Clive Wearing's Amnesia

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Imagine spending time with your loved one and not being able to remember what happened shortly after. Your memories cease to play a role in your life while you’re ability to take in new information is impaired. This is case for Clive Wearing, the person with worst case of amnesia ever recorded. “Each blink, each glance away and back, brought him an entirely new view.” His wife, Deborah and a doctor named Oliver Sacks watch over Clive for twenty years and keep a journal of his progress. Clive had retrograde amnesia which meant he was unable to recall memories since the beginning of his amnesia and the causes of where the amnesia came from were unknown. “It was like being dead,” Clive said. To cope with how he felt, he would write in his journal. However, few minutes apart from one another, he would repeat the same things down in book. As time went by, these events would prove that his chances of improving were bleak and fell into a deep state of depression. His mental state was so poor that he lived in a hospital for seven years and in those seven years, the only time he was happy was when his wife came to visit. It was huge because he would remember who she was and this lead him to able to go home and stay with his wife. At this point , life became easier for him at this point. He was happier and more social to the …show more content…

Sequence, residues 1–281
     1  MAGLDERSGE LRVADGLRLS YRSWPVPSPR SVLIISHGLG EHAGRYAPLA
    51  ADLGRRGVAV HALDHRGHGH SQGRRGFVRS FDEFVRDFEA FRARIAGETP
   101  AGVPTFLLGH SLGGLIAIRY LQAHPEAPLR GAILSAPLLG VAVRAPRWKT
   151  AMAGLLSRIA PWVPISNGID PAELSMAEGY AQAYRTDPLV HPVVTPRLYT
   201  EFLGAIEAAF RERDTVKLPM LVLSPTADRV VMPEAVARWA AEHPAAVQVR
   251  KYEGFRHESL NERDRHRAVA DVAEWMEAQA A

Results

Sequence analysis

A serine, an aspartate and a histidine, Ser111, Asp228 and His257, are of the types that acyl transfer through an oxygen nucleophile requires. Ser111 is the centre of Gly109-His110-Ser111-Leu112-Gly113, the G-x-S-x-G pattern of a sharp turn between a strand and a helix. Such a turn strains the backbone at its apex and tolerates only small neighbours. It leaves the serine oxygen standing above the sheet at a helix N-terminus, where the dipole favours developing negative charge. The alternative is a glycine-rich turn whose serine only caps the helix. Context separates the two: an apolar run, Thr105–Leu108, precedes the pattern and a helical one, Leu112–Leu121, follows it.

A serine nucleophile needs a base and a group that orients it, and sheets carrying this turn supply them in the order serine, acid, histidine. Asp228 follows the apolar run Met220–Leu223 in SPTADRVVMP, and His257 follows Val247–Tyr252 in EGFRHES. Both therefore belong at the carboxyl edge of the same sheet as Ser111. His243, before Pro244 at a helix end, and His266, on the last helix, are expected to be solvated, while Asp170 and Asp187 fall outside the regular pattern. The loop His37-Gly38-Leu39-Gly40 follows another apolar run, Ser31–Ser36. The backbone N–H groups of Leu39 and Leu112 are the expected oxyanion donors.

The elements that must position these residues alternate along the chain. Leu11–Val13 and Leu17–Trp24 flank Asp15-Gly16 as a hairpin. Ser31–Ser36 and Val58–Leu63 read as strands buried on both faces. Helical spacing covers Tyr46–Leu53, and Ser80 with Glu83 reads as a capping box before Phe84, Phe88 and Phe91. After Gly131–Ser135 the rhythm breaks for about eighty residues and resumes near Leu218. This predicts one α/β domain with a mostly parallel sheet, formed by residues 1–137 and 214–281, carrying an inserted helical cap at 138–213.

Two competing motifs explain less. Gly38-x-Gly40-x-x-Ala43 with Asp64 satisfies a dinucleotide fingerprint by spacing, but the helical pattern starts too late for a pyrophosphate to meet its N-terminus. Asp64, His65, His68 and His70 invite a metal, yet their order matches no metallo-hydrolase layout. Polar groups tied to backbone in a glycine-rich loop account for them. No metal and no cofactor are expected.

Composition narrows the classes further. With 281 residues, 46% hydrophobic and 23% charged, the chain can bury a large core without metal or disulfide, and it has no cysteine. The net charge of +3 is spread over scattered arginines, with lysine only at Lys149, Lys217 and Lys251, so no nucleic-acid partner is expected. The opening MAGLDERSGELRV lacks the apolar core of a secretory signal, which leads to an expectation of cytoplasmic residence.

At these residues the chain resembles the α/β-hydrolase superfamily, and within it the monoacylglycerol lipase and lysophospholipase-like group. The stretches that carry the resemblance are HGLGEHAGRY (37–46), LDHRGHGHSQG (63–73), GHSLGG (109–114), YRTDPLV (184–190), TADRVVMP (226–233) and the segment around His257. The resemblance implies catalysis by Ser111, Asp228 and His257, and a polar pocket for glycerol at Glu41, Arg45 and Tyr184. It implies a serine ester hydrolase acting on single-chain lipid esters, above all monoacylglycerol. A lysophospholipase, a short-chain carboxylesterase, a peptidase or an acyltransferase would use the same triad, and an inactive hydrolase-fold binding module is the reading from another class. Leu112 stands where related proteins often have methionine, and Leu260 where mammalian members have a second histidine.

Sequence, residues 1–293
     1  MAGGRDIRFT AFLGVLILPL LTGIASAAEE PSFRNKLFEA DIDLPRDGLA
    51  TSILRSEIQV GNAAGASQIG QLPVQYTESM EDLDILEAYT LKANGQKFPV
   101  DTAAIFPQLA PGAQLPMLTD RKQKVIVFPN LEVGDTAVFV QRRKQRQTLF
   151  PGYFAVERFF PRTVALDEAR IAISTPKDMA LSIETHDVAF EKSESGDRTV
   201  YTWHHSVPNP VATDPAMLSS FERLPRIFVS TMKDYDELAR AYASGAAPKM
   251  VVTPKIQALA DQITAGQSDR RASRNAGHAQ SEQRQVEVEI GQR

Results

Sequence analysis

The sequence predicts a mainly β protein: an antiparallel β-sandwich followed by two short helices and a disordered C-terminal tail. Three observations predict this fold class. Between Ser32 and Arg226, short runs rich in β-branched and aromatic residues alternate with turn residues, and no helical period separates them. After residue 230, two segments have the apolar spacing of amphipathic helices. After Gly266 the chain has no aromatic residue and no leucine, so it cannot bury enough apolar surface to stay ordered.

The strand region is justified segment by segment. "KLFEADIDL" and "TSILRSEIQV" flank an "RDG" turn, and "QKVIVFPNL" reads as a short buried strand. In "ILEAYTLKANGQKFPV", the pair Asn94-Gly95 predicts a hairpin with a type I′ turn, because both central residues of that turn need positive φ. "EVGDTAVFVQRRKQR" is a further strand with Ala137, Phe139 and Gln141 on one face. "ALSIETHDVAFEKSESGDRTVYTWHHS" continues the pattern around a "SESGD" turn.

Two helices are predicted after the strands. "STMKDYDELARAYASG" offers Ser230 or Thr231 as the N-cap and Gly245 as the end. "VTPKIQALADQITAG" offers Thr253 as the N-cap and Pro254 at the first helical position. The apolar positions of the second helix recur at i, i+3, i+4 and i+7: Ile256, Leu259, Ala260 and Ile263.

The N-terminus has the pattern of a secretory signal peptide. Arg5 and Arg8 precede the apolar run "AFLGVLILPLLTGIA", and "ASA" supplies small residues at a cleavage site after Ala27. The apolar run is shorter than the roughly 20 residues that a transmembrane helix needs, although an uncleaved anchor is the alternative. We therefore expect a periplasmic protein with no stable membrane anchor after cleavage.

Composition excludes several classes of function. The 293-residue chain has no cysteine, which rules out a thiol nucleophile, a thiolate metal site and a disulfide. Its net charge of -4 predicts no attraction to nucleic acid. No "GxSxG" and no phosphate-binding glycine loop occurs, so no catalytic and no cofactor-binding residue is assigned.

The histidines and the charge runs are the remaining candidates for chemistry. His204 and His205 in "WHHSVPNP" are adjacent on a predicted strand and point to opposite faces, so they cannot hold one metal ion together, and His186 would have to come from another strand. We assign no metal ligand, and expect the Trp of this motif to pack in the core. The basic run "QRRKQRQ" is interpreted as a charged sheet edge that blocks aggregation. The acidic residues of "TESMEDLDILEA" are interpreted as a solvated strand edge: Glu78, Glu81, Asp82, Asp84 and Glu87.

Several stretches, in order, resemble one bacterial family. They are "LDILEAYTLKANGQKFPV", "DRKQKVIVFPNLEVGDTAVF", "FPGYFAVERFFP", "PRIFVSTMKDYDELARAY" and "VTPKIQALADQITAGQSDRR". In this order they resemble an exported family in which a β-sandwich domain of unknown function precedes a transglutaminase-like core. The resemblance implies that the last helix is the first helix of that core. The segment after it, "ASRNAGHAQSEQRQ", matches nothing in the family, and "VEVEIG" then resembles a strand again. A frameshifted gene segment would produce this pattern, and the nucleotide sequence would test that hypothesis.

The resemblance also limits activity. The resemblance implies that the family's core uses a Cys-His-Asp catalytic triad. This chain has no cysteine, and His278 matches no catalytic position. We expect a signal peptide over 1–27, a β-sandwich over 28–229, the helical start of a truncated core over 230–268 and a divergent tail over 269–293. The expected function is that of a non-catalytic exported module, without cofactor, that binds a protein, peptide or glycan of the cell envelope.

Oliver continued to question Clive and when he could tell that knowledge was limited he was puzzled. Oliver broke down memory in two different ways called semantic and episodic memory. Episodic memory, another phrase for longer term memory, is completely non existent. However, semantic memory is when you use your immediate memory from the present to complete task. Deborah would randomly break out into song and Oliver would join in with ease. He hit every note while being able to create his own unique style to the song, but could not remember

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